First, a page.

Pro Perspectives 5/11/23

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May 11, 2023
As we discussed yesterday, nothing has had more influence on stocks over the past sixteen months than inflation, and the fears over a draconian Fed response to it. 
On that note, we looked at the trajectory of U.S. CPI earlier this week.  By June, prices will be measured against a higher base (of the year prior), and that should deliver us a year-over-year inflation number in the mid 3s (percent), if not in the high 2% area.
This trajectory of U.S. inflation aligns with the producer prices, reported from China overnight.  As you can see in the chart below, the rate-of-change in producer prices has crashed into deflationary territory.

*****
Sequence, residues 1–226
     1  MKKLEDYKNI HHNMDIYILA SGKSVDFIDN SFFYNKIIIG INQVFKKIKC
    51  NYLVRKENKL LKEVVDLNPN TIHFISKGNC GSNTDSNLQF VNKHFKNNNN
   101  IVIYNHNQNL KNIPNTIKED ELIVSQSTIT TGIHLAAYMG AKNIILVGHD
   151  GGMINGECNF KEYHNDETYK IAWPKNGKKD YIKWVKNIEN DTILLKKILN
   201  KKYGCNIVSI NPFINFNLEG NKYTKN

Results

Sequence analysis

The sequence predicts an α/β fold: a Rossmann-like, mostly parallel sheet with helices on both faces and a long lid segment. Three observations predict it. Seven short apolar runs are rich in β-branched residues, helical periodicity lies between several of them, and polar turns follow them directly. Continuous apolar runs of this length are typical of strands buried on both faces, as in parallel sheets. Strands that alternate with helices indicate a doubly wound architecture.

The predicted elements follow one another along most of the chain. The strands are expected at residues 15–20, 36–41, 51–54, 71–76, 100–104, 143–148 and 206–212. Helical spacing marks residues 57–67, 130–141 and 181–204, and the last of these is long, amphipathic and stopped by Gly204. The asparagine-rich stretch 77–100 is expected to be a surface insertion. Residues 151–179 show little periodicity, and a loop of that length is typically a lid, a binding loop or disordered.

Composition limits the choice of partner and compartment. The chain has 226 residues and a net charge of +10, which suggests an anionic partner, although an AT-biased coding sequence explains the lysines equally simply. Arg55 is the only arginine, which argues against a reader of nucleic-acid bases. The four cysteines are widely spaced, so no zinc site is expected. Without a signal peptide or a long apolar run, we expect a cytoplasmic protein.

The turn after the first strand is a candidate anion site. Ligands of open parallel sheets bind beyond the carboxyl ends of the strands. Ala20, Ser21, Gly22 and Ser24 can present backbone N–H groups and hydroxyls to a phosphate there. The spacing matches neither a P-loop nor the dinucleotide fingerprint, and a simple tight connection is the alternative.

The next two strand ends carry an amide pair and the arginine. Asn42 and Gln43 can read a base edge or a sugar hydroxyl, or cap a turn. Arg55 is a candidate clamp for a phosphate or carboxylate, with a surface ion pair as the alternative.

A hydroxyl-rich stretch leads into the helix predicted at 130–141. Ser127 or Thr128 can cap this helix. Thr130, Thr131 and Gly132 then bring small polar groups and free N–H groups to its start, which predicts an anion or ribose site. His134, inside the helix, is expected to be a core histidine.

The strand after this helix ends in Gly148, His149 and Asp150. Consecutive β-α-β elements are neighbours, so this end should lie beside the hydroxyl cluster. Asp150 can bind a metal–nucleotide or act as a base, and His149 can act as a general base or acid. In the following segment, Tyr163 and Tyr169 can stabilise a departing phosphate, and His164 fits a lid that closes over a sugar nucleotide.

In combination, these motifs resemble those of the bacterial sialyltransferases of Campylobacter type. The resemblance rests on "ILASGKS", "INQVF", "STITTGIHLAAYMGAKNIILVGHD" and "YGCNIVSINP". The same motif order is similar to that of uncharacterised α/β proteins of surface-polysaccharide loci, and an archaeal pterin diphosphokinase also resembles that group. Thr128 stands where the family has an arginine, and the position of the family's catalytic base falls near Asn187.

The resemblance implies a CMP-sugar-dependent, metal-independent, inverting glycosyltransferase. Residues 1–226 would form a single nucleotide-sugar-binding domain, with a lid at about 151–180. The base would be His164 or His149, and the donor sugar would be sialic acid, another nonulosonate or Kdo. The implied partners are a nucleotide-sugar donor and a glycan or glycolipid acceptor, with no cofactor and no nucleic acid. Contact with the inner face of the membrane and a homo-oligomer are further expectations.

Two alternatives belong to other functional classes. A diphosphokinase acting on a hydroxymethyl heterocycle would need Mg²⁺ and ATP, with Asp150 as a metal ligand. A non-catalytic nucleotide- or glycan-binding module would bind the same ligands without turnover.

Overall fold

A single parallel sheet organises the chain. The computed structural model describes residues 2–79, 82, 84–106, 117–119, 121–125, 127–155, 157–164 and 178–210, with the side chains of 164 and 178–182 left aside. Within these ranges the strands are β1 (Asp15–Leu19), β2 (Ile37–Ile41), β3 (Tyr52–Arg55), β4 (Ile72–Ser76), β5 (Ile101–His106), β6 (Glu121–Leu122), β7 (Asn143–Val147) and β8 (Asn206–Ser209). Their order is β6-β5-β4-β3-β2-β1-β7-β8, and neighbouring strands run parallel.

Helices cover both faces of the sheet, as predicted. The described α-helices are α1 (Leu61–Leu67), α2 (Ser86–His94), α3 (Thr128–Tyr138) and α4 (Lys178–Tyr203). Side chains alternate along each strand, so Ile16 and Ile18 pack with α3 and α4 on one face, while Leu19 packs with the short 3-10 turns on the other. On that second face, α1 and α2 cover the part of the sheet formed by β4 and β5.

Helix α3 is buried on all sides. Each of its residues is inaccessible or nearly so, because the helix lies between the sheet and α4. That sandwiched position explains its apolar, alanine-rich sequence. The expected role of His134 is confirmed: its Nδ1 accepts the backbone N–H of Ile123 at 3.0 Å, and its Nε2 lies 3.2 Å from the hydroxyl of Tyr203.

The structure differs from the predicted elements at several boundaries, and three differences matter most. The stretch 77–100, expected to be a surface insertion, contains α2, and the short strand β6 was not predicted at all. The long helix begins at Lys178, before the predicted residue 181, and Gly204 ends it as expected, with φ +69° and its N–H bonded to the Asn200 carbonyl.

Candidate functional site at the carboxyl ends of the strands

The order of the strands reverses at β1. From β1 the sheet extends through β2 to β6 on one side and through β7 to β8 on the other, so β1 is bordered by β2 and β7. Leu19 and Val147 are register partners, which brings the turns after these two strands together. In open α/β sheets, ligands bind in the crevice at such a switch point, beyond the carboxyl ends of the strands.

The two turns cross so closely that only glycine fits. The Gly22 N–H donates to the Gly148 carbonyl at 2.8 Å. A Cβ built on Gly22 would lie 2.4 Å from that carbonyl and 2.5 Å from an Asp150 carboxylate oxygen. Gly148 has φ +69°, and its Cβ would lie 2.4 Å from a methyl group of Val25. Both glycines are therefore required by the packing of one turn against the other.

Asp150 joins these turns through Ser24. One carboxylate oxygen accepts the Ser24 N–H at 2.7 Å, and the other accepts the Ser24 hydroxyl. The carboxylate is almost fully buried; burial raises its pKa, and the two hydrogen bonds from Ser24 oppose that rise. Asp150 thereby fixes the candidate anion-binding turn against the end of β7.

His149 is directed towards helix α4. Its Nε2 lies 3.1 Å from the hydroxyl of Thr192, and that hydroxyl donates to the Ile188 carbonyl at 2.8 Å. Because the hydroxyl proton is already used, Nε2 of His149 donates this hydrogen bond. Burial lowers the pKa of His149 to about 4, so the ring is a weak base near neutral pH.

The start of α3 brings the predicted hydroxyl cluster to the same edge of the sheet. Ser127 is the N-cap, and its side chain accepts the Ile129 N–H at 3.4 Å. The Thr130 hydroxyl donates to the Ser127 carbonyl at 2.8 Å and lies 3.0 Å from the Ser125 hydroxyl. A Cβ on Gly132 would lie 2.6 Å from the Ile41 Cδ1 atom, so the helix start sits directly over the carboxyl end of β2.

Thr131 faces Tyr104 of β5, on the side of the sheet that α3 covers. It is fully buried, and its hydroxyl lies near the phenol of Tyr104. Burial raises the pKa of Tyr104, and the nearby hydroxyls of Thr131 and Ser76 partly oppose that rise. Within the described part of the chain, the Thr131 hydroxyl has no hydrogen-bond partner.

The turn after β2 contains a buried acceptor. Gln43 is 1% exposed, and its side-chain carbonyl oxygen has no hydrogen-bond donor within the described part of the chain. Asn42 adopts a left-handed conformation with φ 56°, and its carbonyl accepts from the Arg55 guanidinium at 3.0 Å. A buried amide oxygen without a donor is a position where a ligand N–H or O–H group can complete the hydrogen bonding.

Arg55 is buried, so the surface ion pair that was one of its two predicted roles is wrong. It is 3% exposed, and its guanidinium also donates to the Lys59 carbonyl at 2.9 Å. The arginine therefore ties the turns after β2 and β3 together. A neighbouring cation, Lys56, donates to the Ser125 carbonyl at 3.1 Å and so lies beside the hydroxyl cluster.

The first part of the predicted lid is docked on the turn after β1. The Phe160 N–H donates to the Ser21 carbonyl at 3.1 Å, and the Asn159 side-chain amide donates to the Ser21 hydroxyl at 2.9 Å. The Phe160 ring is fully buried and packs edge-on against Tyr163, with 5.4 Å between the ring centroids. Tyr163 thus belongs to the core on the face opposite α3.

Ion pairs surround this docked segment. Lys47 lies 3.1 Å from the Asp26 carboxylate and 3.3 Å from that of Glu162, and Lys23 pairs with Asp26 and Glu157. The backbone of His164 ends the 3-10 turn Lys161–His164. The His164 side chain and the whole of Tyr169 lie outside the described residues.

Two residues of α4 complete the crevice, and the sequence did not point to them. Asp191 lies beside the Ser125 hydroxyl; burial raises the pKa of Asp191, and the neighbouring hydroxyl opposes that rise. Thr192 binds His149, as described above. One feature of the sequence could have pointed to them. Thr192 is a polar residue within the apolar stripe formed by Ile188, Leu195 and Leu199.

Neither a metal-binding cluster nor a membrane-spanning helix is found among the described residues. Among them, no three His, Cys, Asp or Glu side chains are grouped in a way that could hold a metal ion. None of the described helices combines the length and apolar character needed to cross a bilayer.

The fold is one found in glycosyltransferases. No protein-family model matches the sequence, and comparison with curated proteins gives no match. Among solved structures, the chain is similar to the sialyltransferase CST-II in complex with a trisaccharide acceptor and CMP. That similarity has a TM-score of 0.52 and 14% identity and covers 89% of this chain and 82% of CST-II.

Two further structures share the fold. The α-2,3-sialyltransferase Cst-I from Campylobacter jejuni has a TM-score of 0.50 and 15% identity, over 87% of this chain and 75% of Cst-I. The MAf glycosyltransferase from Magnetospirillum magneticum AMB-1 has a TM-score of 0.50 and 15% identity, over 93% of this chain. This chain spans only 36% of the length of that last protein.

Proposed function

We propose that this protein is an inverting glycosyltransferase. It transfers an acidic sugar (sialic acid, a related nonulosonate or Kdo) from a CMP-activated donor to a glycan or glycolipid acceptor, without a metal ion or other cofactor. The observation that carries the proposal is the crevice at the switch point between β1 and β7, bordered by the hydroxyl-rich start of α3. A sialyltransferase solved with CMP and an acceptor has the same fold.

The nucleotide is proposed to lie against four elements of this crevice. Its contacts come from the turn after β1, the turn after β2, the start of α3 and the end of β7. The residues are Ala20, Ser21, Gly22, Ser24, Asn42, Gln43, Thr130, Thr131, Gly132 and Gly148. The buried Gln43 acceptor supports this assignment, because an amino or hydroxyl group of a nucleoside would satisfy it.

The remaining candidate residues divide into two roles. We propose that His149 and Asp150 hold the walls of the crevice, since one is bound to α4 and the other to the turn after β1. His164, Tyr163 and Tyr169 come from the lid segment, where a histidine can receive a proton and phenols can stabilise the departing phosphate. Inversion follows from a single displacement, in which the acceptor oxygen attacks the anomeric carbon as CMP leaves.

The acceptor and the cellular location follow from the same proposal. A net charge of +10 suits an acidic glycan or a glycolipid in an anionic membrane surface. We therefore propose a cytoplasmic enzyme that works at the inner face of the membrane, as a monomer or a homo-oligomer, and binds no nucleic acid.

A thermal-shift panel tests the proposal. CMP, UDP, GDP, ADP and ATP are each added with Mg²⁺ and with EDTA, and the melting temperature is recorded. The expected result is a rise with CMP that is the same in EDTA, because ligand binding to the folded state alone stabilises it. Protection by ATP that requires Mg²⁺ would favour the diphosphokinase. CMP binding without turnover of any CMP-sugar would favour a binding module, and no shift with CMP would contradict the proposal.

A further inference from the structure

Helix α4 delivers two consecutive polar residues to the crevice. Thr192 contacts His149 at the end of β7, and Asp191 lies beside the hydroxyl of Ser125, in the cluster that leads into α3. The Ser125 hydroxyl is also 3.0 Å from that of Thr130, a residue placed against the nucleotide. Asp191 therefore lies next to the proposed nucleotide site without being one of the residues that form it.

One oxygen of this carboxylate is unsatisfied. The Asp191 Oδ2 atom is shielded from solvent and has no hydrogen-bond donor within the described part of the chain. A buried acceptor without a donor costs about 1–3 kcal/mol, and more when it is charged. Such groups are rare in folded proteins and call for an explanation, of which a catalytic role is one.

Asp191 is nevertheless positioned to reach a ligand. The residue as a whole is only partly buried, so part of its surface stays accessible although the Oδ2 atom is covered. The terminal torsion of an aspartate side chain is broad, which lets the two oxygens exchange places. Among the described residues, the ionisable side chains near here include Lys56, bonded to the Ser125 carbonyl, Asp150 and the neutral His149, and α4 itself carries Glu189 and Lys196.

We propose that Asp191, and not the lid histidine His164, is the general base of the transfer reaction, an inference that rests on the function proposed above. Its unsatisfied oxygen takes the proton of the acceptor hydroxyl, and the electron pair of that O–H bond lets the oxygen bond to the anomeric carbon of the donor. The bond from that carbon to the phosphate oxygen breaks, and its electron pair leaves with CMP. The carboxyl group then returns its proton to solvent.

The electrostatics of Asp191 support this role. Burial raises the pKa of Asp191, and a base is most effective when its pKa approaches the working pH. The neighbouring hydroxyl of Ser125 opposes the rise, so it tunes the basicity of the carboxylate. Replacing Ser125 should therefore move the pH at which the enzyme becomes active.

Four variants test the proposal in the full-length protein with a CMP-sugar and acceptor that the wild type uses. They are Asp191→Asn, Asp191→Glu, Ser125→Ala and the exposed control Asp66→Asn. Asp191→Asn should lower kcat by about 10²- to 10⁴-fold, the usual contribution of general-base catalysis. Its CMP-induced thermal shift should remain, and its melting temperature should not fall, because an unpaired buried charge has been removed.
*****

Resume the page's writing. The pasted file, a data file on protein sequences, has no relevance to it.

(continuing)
This is the equivalent of "skating to where the puck is going."  The price of the products we will be buying in the months ahead, will be determined (in large part) by the inputs into Chinese production. 
This Chinese PPI was at 26-year highs when the Fed was telling us back in 2021 that there was no inflation.  It led on the way up (for global price pressures).  And it is leading on the way down. 
This also aligns with the record contraction in money supply. 
What is typically associated with a contraction in the supply of money and credit (both are happening)?  Deflation.  
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